Welcome to the bloggy home of Noah Brier. I'm the co-founder of Percolate and general internet tinkerer. This site is about media, culture, technology, and randomness. It's been around since 2004 (I'm pretty sure). Feel free to get in touch. Get in touch.

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The death of “browsing”?

On my walk to work this morning my mind somehow wandered to the term “surf” as it refers to the internet. I began to wonder if the verb makes sense in this context? For as long as I can remember people have talked about “surfing the net,” but what does it really mean?

When you surf in the ocean you ride a wave of water, so what kind of wave are you riding on the net? I guess it could be referring to packets of data going back and forth over connections, but that doesn’t make a whole lot of sense. More likely, the verb “surf” is just a holdover from the television days when people referred to hopping from channel to channel to see what’s on as “channel surfing.” So with that in mind, doesn’t it make sense to think about using another verb that might be a little less outdated?

Another term I’ve heard used in the past is “browse,” as in “browse the web,” but does this get at what’s going on here any better? I guess that browsing is a more reasonable comparison, since you can poke around and look at lots of different sites (which “surf” can mean too, I guess). However, “browse” totally misses the other side of the net, the side that allows you to interact. In other words, browse was all well and good back in the web’s categorical days, when you could browse by topic on Yahoo!.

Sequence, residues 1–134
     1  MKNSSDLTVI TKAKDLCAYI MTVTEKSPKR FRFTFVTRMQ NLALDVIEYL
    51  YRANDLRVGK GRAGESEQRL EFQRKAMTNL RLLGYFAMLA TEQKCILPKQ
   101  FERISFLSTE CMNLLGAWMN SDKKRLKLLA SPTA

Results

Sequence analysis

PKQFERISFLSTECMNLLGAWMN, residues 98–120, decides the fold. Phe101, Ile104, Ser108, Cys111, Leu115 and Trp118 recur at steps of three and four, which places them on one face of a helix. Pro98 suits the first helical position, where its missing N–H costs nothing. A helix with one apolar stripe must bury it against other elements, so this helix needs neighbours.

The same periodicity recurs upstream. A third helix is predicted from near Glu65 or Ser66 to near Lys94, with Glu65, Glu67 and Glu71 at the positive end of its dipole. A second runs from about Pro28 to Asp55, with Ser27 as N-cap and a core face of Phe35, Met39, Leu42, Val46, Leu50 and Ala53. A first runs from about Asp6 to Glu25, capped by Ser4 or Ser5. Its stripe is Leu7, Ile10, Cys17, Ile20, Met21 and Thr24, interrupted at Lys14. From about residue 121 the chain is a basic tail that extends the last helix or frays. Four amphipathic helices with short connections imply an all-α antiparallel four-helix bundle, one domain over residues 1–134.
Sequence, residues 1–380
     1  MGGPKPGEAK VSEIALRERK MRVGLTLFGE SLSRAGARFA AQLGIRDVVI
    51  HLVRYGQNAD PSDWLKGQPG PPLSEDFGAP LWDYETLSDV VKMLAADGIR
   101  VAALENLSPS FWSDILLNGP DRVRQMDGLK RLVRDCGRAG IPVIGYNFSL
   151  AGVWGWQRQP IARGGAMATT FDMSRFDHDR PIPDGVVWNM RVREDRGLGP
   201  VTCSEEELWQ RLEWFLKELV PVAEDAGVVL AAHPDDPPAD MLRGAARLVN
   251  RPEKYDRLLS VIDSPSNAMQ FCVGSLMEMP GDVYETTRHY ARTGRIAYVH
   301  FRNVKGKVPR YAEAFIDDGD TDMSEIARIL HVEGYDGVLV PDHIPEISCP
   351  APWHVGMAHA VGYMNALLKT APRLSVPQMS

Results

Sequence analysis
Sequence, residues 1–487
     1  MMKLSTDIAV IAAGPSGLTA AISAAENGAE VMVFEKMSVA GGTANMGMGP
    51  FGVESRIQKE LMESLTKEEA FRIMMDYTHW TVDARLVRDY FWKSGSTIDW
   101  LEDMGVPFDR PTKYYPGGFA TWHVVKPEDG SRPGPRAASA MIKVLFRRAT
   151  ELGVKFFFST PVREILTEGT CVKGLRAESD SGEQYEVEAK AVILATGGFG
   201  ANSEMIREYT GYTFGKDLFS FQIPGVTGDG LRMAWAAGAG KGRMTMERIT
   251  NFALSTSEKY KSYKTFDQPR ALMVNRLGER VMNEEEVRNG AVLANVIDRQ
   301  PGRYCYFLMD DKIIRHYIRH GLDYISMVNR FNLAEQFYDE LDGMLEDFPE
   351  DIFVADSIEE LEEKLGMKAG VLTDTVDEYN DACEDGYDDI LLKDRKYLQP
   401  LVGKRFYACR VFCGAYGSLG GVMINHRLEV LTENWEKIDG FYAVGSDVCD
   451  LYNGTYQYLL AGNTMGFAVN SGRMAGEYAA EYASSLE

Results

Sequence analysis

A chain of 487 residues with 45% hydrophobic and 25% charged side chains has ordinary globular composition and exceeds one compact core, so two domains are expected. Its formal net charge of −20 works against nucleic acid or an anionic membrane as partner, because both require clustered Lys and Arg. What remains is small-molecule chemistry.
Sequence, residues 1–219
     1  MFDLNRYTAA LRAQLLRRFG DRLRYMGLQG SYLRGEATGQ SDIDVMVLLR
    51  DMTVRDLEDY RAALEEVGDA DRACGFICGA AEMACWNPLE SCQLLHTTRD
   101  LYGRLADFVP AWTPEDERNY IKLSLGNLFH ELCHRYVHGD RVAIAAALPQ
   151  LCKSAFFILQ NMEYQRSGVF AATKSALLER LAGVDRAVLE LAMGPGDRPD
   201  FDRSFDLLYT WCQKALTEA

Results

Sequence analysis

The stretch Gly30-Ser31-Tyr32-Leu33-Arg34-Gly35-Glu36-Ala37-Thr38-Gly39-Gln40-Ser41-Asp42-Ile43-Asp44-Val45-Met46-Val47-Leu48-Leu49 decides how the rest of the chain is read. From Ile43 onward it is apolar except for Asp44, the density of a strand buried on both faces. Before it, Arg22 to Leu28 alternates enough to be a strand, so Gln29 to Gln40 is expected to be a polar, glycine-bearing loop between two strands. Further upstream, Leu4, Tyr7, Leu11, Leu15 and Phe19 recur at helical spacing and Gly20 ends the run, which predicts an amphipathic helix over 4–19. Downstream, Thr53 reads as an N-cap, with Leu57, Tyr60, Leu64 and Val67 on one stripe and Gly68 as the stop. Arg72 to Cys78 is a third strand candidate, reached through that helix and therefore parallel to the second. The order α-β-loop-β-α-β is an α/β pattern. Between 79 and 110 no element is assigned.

But what about today, does browse do justice to creating a dictionary entry on Wikipedia or commenting on a blog? Is surf a valuable metaphor for what I do when I visit Bloglines and have hundreds of sites deliver their content to me?

Nope.

So Noah, now that you’ve debunked the two most popular metaphors for the action associated with the inernet, what do you propose people call it? (Wow, that sentence is way more obnoxious than it sounded in my head.) Unfortunately, I don’t quite have an answer to that question. But I’d love to discuss it, which I hope would reinforce one of my big points:

The web is different!

What I think we need is a multi-disciplinary word, since we’re dealing with multi-media. It needs to speak to the person who seriously interacts with the web, creating new things, all the way down to the person who sits back and lets the web smack them in the face. It needs to speak to more than just the traveling you’re doing from site to site, but also the things you’re doing once you’re there.

So, anyone got any ideas?

June 17, 2005